Last week, Rebeca Mendes Silva Leite, a 30-year-old woman from São Paulo, Brazil, asked Brazil’s Supreme Court for permission to safely and legally terminate an unplanned pregnancy she does not want to continue.
No woman should find herself in this position. But because Rebeca lives in Brazil, where abortion is illegal in most circumstances, she does not qualify for a legal abortion.
In a letter to the Supreme Court, which she bravely read aloud in a video on YouTube, she explained that she became pregnant unexpectedly while she was in the process of switching contraceptive methods. As a mother of two, she is already struggling financially, and feels that she cannot continue the pregnancy and provide for her family. She did not want to resort to the clandestine and unsafe abortion methods that so many women and girls in Brazil are forced to use. “I do not want to be arrested, much less die,” she said in her letter.
So she did something unprecedented: she asked the Supreme Court to grant her permission to legally terminate her pregnancy. She filed her request through the Socialism and Freedom Party (PSOL), with support from Anis – Institute of Bioethics, which asked the court for an injunction to extend the decision to all pregnant women.
On Friday, November 24, Justice Rosa Weber denied the request for procedural reasons, but did not rule on its merits.
Rebeca now faces the impossible choice that so many pregnant women and girls in Brazil confront each year: continue her pregnancy against her wishes, or risk her health and potentially jail time by having an illegal abortion.
As I watched her read her letter aloud, aspects of her experience felt very familiar. I interviewed dozens of women and girls in northeastern Brazil about their reproductive health for a Human Rights Watch report published earlier this year. Many of them had unplanned pregnancies while changing contraceptive methods, or waiting to access longer-acting methods like intrauterine devices (IUDs). Many said they felt desperate when they discovered they were pregnant, often citing the economic hardships their families faced. But the stigma around abortion is so heavy that many women were reluctant to even speak about whether they had considered terminating their pregnancies, even though studies suggest that 1 in 5 Brazilian women will terminate a pregnancy by age 40.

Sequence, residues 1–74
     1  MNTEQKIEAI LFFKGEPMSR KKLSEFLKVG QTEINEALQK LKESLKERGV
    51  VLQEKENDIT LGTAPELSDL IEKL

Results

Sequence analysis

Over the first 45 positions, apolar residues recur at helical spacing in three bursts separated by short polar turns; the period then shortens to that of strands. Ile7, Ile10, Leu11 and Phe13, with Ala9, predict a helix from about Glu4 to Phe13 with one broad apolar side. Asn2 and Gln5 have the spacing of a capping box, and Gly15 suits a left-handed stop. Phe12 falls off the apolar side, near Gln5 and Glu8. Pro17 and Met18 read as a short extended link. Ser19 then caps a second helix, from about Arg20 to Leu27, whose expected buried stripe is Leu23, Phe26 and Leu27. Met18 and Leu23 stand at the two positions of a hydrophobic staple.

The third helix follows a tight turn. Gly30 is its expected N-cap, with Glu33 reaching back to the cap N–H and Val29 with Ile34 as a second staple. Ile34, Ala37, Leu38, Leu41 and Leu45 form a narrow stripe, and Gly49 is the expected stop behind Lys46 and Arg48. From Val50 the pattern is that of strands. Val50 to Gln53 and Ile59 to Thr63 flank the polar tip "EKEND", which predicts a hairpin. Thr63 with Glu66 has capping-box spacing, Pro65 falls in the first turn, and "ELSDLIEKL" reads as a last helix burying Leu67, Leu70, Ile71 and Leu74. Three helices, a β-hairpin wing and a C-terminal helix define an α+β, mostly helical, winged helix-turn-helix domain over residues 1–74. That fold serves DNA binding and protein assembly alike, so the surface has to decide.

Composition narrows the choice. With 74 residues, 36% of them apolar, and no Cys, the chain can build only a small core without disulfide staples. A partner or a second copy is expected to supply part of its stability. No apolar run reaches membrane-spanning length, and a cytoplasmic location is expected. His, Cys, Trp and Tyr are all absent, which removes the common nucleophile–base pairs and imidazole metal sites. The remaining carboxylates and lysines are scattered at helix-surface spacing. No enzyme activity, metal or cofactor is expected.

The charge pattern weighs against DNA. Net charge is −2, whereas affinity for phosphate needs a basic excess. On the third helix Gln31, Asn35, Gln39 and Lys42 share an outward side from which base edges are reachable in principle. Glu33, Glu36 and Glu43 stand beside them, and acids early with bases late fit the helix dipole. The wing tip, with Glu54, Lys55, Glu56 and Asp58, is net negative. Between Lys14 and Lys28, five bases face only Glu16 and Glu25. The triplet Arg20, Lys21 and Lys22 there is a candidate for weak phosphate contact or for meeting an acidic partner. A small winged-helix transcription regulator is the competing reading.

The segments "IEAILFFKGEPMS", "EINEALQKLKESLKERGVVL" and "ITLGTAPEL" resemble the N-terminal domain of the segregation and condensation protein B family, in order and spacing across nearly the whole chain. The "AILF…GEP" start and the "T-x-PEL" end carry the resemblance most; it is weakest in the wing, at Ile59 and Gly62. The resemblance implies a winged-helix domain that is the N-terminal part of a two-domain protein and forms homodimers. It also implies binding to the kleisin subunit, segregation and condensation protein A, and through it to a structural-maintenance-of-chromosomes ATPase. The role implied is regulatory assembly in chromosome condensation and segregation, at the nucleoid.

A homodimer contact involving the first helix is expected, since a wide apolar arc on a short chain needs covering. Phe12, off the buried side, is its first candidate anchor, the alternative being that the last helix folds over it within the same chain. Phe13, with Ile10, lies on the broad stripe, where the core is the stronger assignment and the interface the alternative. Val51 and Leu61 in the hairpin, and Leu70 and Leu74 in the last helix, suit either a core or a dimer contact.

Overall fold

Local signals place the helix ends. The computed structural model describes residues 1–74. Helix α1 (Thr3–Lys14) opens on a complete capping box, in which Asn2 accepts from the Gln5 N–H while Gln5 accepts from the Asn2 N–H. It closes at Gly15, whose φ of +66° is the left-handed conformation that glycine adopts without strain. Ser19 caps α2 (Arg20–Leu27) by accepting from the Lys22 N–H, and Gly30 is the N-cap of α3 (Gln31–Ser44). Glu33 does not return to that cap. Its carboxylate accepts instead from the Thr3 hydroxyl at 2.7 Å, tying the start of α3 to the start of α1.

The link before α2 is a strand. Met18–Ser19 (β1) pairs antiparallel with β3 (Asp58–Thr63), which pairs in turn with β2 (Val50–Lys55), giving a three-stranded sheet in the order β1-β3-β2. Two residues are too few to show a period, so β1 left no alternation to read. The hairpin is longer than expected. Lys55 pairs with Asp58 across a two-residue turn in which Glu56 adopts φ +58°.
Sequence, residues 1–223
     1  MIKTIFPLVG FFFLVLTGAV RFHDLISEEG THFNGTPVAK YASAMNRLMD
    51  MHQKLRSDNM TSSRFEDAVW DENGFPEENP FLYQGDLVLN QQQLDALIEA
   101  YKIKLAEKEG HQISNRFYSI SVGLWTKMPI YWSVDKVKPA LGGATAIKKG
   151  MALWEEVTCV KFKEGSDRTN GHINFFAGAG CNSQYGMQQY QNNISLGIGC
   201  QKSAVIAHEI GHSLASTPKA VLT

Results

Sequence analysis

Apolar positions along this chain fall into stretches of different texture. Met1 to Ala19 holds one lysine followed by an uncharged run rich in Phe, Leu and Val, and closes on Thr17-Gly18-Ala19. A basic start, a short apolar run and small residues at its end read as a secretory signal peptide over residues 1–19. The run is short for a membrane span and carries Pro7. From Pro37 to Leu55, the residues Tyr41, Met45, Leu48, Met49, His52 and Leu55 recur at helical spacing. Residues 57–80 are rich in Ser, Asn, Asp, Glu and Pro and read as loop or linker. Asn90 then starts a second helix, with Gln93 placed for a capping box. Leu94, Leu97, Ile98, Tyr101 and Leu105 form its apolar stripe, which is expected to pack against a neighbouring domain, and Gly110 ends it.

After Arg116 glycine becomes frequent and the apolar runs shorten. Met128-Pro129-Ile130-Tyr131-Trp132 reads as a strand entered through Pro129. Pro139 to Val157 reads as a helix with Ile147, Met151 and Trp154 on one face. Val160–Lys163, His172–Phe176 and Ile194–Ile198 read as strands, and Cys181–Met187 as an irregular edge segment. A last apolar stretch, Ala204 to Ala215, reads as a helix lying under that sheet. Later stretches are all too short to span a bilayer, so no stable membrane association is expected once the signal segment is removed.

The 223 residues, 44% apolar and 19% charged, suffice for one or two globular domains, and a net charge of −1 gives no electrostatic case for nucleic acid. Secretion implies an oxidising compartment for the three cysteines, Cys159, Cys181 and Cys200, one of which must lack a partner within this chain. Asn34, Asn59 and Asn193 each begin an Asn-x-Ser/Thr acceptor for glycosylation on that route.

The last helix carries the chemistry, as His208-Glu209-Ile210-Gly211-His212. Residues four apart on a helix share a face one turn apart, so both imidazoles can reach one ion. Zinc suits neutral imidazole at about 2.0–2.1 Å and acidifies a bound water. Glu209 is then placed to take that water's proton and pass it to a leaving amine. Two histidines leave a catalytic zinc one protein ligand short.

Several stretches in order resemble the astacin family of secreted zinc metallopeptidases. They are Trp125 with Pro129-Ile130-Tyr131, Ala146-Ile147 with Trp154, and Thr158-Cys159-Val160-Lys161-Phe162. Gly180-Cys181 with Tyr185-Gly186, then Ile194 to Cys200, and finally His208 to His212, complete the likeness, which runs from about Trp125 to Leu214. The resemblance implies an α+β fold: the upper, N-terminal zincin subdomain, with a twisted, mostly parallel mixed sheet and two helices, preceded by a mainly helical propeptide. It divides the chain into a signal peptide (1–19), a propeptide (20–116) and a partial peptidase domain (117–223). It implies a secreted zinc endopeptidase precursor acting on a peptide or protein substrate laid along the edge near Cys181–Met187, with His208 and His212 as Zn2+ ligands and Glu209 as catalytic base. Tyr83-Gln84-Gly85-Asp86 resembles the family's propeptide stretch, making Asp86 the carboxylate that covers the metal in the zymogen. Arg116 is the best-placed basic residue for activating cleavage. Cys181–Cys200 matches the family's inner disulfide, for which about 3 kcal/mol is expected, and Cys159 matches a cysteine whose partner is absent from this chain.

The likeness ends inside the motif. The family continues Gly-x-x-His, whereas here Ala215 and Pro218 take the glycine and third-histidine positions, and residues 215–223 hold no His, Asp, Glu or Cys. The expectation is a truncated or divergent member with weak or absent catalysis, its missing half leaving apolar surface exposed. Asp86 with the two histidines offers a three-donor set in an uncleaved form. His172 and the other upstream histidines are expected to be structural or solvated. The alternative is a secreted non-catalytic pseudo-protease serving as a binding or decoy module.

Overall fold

Currently, abortion is legal in Brazil only when the pregnancy resulted from rape, when the life of the woman is at risk, or when the fetus has anencephaly, a fatal congenital brain disorder.
Brazil’s Supreme Court is set to consider two pending cases with profound implications for women’s reproductive freedoms. One case could allow pregnant women infected with Zika—a virus that can cause lifelong disabilities when a fetus is exposed —who are experiencing anxiety or distress to access legal abortion. The other would decriminalize abortion on any grounds in the first 12 weeks of pregnancy. Human Rights Watch filed amicus briefs in both cases, arguing that Brazil’s restrictions on abortion are incompatible with its human rights obligations.
But a frightening constitutional amendment before the Chamber of Deputies would change Brazil’s existing law and ban abortion in all circumstances, meaning that even women and girls who became pregnant after rape, or whose lives were threatened by their pregnancies, would not be able to get an abortion. A congressional committee approved the amendment in early November but it has not yet been brought for a vote in the full Chamber of Deputies. The amendment would need super-majority votes in both houses of Congress.
Rebeca’s appeal to the Supreme Court took tremendous courage. Brazilian authorities should take urgent steps to decriminalize abortion and protect women’s rights to make deeply personal decisions about their health and lives.